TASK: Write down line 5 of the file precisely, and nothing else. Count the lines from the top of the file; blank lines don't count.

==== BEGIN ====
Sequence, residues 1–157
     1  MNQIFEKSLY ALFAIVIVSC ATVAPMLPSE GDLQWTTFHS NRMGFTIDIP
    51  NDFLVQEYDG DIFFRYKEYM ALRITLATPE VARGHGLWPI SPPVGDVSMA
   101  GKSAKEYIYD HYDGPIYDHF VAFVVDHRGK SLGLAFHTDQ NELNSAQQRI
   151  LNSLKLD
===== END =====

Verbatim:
   151  LNSLKLD